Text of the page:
Home / Coronavirus / Alachua County Commission Chair Defends Grocery Store Occupancy Restrictions
(l-r) County Commission Chair Robert Hutchinson, Commissioner Mike Byerly, Commissioner Charles Chestnut, Commissioner Ken Cornell, County Attorney Sylvia Torres, County Manager Michele Lieberman, Commissioner Marihelen Wheeler and Senior Assistant County Attorney Bob Swain connect on Zoom for an emergency meeting. (Jourdan Davis/WUFT News)

Alachua County Commission Chair Defends Grocery Store Occupancy Restrictions

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Alachua County Commission Chairman Robert “Hutch” Hutchinson defended the emergency stay-at-home order’s occupancy restrictions affecting grocery stores, saying on Tuesday evening he was “pretty adamant that we do not start loosening up the restrictions now.”

Hutchinson shared his view as the county commission met for two hours via video conferencing to discuss the impact of the emergency order, which took effect earlier in the day.

The number of confirmed COVID-19 cases in Alachua County remained at 37, with only eight counties across the state having more, according to the Florida Department of Health.

Emergency order No. 2020-09 mandates that all citizens in the county must stay at home except for prescribed reasons, and it called for the closure of all non-essential businesses. The document also detailed which types of businesses were to be deemed essential and non-essential.

The restriction garnering the most attention was the one mandating for social-distancing purposes that non-medical businesses shall not have in their store more than one person per 1,000 square feet. No customer was to be within 6 feet of each other, the order states.

Hutchinson told the commissioners that he had only seen customers waiting 20 minutes outside supermarkets, and that the lines were being “managed extremely well by employees.” He also said he had not received or heard any complaints about the lines.

“People will figure this out, just like a traffic jam,” the chairman said. “They will understand there are certain times you don’t go. They understand how to get deliveries. They will figure this out. People are smart.”

Hutchinson’s suggestion that citizens use online grocery services to help alleviate or avoid long wait times at stores in shopping centers earned a rebuke from Commissioner Charles Chestnut.

“A lot of folks on the east side of town don’t have the resources to have groceries delivered to them,” Chestnut said. “Those are the people who I see on Main Street waiting in line, and I am concerned about those people being able to get food.”

The public was banned from attending the meeting in person, but it was made available for viewing via cable TV broadcast and a Facebook livestream.

More than 8,000 people had watched at least a portion of the livestream before it ended, County Manager Michele Lieberman said. More than 17,000 had done so by early Wednesday – and at least 1,500 people had written a comment about the proceedings or executive order.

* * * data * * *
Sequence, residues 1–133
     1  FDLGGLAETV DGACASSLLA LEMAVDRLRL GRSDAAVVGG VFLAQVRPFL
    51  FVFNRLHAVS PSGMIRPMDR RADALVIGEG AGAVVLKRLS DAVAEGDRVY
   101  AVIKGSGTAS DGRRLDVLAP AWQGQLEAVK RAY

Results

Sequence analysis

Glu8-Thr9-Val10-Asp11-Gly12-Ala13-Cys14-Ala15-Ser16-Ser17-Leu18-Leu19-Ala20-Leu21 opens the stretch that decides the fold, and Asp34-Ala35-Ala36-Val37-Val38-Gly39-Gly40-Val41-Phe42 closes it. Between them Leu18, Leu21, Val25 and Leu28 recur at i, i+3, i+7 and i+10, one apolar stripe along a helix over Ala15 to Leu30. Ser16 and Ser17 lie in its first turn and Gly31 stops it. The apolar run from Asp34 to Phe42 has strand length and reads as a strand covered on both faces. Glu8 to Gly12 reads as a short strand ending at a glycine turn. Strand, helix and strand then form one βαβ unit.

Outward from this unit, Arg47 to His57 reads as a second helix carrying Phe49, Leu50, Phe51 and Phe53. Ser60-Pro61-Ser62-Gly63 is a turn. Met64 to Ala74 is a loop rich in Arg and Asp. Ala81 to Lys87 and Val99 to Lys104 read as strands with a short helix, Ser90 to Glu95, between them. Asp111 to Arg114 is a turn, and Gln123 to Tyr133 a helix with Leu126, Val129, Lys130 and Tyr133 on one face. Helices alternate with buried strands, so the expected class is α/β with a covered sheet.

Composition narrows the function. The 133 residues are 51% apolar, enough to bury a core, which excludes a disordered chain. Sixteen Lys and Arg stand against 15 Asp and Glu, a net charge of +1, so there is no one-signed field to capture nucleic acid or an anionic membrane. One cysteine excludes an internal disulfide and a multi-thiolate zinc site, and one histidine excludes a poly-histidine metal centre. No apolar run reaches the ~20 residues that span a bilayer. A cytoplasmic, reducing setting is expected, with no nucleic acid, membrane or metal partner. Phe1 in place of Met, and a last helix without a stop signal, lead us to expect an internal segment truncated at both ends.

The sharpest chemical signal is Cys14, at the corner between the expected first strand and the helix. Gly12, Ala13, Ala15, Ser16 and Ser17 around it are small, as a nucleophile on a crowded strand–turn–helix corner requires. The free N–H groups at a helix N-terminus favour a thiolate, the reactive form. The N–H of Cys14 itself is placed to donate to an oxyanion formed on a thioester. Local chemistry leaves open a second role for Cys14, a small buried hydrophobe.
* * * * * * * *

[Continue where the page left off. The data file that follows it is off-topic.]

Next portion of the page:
“Great model – online ordering – but you are assuming that everyone has a computer, but they don’t, so you are eliminating an entire part of the community,” Leah Eland, of High Springs, wrote in a comment during the livestream.

Lieberman said grocery store owners or managers had raised concerns to her about customers being urged to use third-party options. She also said the Alachua County Sheriff’s Office had expressed concerns that the long lines might cause panic and unnecessary hoarding of supplies.

Commissioner Ken Cornell suggested adding language to the order that forces all retail stores to post signage to remind customers of the Centers for Disease Control and Prevention recommendations about social distancing.

“I would like to say that I like the approach that you took, Hutch,” Cornell said of the executive order in total. “However, on the occupancy, I’m not a fan of using that type of approach. I think the intention is good, but I also think that we can rely on the essential businesses to follow the CDC guidelines inside and out.”

The commissioners agreed to add pawnshops to the executive order’s essential business category, citing that for some residents they are a stream of income. Real estate companies would also now be considered essential, but with a specific model of best practices. Insurance, moving and relocation services were also to be classified essential.

Hutchinson said the order was modeled after ones decreed for Broward County and Illinois.

“The Broward County model, most of our essential and non-essential businesses are from that, but it turns out that the Illinois state model is a much better way of branding stay at home,” he said. “So anyway, we cobbled together the front half of Illinois and the back half of Broward County, and then we had to sort of make those work together.”

The commissioners agreed to continue monitoring their order’s impact and to reconvene Friday for further discussion. Meanwhile, Hutchinson urged adamancy about the occupancy restrictions.

“That’s the whole point of this – we’re trying to make it harder for people to just go shopping,” he said. “What people are doing, they’re just left with all of this time on their hands, whether they like it or not, and they say, ‘Let’s go shopping.’”

About Jourdan Davis

Jourdan is a reporter for WUFT News who can be reached by calling 352-392-6397 or emailing news@wuft.org.

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